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Street Art in Salt River, Cape Town

September 22, 2019

I’m obsessed with street art. Last week I did a refresher of the walls in Salt River, one of the Mother City’s oldest neighbourhoods and with a prolific outdoor public art gallery. This article ran in the Sunday Times on 22 Sept, 2019

Brazil meets Africa by Aleksandro Reis, on Pope Street

 

Street art in the Mother City is lit. Embraced as a cultural asset, this form of artistic expression is intrinsic to the urban landscape and has become a cherished part of the city’s heritage and DNA.

Kingsley Street mural by the Israeli crew, Brothers of Light

Street art has its genesis in graffiti, stylized lettering known as tagging that was first identified in Philadelphia in the 60’s when schoolboy Darryl McCray aka Cornbread (he is 66 today and still creating) started leaving his writing on the wall so to speak. Dissed as anti-establishment and vilified as vandalism, graffiti today resonates as a contemporary phenomenon that has morphed beyond the subcultural vocab once associated only with gangs and recalcitrant youth.

Together We Are One, by Bona _ Berlin on Chatham Street

 

Post the guerrilla graffiti wave of the 80’s, the rise of Banksy changed the street art game. Famously faceless, the art warrior with a predilection for provocation used his powerful stencils to speak truth to power. Perceptions shifted and so did the standard and quality of public art as a new generation of supremely gifted artists emerged, advocating professionalism, skill, originality and protocol over random scrawling, stickering, spot-jocking and the offensive sullying of public spaces. Their undisputed brilliance shone across the concrete jungles of the world and artworks once shunned were misdemeanours no more. Today, many of these individuals are commissioned off-street as well and their work fetches millions of dollars.

Today state-sanctioned street art is a thing. Take Salt River, once the textile and industrial epicentre of the Western Cape and one of only a handful of places that managed to evade forced removals during Apartheid. Given the challenging circumstance of the day, protest art and subversive messaging was commonplace, but over the past three years in particular, the suburb has seen a proliferation of incredible outdoor art, smartly curated through the annual International Public Art Festival (IPAF)  driven by Baz-Art. 

 

Each February since 2017, IPAF, an NGO, has commissioned up to thirty South African and international artists to produce simple and elaborate pieces on the walls and doors of private home, public spaces, schools, office blocks and factories. Creating to a prescribed theme, individuals and crews are charged with a mandate to promote inclusivity, dialogue, collaboration and positivity.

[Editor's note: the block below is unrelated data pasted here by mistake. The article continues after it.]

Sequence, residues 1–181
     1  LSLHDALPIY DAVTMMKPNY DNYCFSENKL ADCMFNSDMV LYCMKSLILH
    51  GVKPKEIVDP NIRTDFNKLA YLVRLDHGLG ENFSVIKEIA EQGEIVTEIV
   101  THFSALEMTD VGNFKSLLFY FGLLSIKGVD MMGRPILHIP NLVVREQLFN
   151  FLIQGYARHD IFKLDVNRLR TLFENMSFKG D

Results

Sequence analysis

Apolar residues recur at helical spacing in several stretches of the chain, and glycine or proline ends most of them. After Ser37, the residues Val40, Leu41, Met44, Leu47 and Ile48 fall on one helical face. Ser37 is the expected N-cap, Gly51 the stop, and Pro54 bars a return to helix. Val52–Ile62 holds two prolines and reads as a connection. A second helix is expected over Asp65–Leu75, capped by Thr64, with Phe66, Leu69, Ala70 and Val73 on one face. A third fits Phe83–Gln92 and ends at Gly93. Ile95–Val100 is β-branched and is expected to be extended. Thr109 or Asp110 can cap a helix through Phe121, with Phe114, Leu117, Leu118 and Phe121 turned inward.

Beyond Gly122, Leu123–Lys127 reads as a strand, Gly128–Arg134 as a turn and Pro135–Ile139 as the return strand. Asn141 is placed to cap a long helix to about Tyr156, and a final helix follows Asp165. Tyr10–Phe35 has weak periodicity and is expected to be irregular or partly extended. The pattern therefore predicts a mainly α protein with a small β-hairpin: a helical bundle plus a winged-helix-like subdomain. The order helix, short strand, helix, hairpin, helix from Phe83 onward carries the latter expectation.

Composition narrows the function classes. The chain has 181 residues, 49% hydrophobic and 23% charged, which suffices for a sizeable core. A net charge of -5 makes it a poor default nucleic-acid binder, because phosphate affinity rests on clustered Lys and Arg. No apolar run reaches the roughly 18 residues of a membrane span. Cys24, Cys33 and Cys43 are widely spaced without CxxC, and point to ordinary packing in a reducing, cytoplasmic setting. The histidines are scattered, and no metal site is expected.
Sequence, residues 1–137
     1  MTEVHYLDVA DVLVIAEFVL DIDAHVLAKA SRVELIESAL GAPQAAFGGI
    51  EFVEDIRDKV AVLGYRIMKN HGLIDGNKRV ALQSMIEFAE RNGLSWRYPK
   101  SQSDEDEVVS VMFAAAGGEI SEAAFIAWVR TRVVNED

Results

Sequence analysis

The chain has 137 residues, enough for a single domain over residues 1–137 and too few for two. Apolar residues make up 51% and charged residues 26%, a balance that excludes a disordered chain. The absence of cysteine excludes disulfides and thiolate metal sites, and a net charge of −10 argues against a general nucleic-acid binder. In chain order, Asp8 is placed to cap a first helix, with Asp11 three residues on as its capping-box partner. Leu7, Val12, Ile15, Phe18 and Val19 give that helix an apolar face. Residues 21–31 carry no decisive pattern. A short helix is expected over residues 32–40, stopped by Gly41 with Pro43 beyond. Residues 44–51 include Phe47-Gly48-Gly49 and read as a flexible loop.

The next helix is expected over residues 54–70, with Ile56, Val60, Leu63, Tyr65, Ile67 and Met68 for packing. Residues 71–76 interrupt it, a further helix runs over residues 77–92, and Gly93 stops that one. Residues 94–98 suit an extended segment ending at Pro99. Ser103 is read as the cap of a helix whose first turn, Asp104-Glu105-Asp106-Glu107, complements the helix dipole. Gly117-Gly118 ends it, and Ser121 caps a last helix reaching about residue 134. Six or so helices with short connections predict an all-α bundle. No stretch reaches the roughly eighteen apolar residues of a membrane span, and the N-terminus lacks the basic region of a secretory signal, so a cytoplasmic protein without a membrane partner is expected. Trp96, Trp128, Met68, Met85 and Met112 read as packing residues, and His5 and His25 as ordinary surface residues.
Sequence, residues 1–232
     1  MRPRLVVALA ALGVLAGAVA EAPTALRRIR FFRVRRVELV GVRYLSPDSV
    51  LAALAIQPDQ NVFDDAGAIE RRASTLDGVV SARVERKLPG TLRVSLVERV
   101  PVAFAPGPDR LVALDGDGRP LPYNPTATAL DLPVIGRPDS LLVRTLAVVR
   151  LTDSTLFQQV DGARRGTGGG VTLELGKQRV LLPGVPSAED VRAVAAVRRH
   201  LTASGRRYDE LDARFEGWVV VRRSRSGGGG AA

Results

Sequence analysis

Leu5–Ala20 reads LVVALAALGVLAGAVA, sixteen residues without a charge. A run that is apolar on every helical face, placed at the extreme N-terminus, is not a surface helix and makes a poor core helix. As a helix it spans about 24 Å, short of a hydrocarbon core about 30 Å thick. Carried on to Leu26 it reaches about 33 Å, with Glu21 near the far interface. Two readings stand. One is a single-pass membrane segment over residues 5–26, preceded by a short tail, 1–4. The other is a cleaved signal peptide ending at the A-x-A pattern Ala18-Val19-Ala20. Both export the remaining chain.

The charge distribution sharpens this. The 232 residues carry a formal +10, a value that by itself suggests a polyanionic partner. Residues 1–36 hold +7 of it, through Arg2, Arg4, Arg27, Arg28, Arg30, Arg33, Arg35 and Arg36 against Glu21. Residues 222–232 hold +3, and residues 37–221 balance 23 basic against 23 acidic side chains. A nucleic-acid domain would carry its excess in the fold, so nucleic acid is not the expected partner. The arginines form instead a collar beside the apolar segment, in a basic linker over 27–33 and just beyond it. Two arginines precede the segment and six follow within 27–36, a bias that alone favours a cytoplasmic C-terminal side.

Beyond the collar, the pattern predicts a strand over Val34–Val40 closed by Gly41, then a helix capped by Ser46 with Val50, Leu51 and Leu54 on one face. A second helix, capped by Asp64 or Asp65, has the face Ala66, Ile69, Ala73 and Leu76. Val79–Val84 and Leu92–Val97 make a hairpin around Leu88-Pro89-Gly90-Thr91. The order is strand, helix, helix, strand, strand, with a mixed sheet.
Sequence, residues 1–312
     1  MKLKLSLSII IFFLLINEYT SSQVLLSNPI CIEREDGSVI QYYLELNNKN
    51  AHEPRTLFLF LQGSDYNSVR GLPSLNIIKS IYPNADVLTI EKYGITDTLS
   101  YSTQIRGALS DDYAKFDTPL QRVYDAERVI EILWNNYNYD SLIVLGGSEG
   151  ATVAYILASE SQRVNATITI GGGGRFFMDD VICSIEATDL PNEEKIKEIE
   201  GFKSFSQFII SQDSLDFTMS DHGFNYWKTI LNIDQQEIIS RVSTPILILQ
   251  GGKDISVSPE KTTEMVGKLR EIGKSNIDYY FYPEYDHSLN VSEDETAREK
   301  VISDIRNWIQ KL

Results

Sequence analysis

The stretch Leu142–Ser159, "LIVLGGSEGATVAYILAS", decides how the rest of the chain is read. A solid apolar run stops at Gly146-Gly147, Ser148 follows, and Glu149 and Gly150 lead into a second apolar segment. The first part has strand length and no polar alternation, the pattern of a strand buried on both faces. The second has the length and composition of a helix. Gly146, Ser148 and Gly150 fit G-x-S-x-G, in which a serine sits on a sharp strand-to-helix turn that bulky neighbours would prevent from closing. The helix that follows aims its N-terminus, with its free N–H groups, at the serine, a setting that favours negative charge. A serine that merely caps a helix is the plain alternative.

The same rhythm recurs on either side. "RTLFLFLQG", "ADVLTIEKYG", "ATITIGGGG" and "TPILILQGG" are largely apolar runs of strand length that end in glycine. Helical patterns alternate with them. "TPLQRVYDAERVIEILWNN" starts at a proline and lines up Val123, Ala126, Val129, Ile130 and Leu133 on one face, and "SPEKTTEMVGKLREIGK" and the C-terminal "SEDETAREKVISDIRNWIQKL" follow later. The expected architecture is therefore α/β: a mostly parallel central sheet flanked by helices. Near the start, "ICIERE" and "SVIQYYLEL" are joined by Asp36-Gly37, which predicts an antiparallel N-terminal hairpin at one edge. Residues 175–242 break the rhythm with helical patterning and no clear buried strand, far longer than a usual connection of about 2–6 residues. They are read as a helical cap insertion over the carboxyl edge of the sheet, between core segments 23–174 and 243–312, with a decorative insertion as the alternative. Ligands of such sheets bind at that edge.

Remembering the forced removals of District 6

Community engagement is at the forefront and generated through partnerships between the City of Cape Town, residents, local cooks, small businesses and volunteers, and various fundraising efforts enable the up-skilling of tour guides and make provision for ongoing art classes and workshops at under-resourced schools and organisations.

IPAF 2018 artist Jared Aufrichtig, taken by Oliver Petrie

Residents and office workers watch with interest as creatives assume positions on the sidewalks, up ladders and in lofty cherry pickers to transform blank surfaces over a period of ten days.  At the IPAF launch earlier this year, Warda Rahim, Chairperson of the Salt River Residents Association commented that “the IPAF team could go anywhere with this project but they have chosen Salt River and we are overwhelmed by the transformation of our area.”

Justin Nomad’s mural The Library, on Tennyson Street, almost exactly where a mobile library once to to park every week, many years ago

Take a stroll through the CBD and neighbouring Salt River and Woodstock and there is no end to the bold beautification. Street art styles range from dot work to mosaics, calligraphy, photo-realism, portraiture, trompe l’oeil and full scale murals – some simple, others elaborate, and all relevant. Whether the final picture is message-driven, addressing socio political issues or simply there to uplift or make pretty, street art exists to make you stop and think. It’s universal, accessible and impacting.

Banksy puts it succinctly – “Imagine a city… where every street was awash with a million colours and little phrases. Where standing at a bus stop was never boring. A city that felt like a party where everyone was invited, not just the estate agents and barons of big business. Imagine a city like that and stop leaning against the wall – it’s wet.”  – Wall and Piece

For more info about Salt River street art tours, art classes, workshops and IPAF visit www.baz-art.co.za. The next International Public Art Festival is from 12 to 17 Feb, 2020 with the theme ‘Digitalisation’.

Art prettifying a small public garden space

 

Nature is still the ultimate, by MAYE (France)

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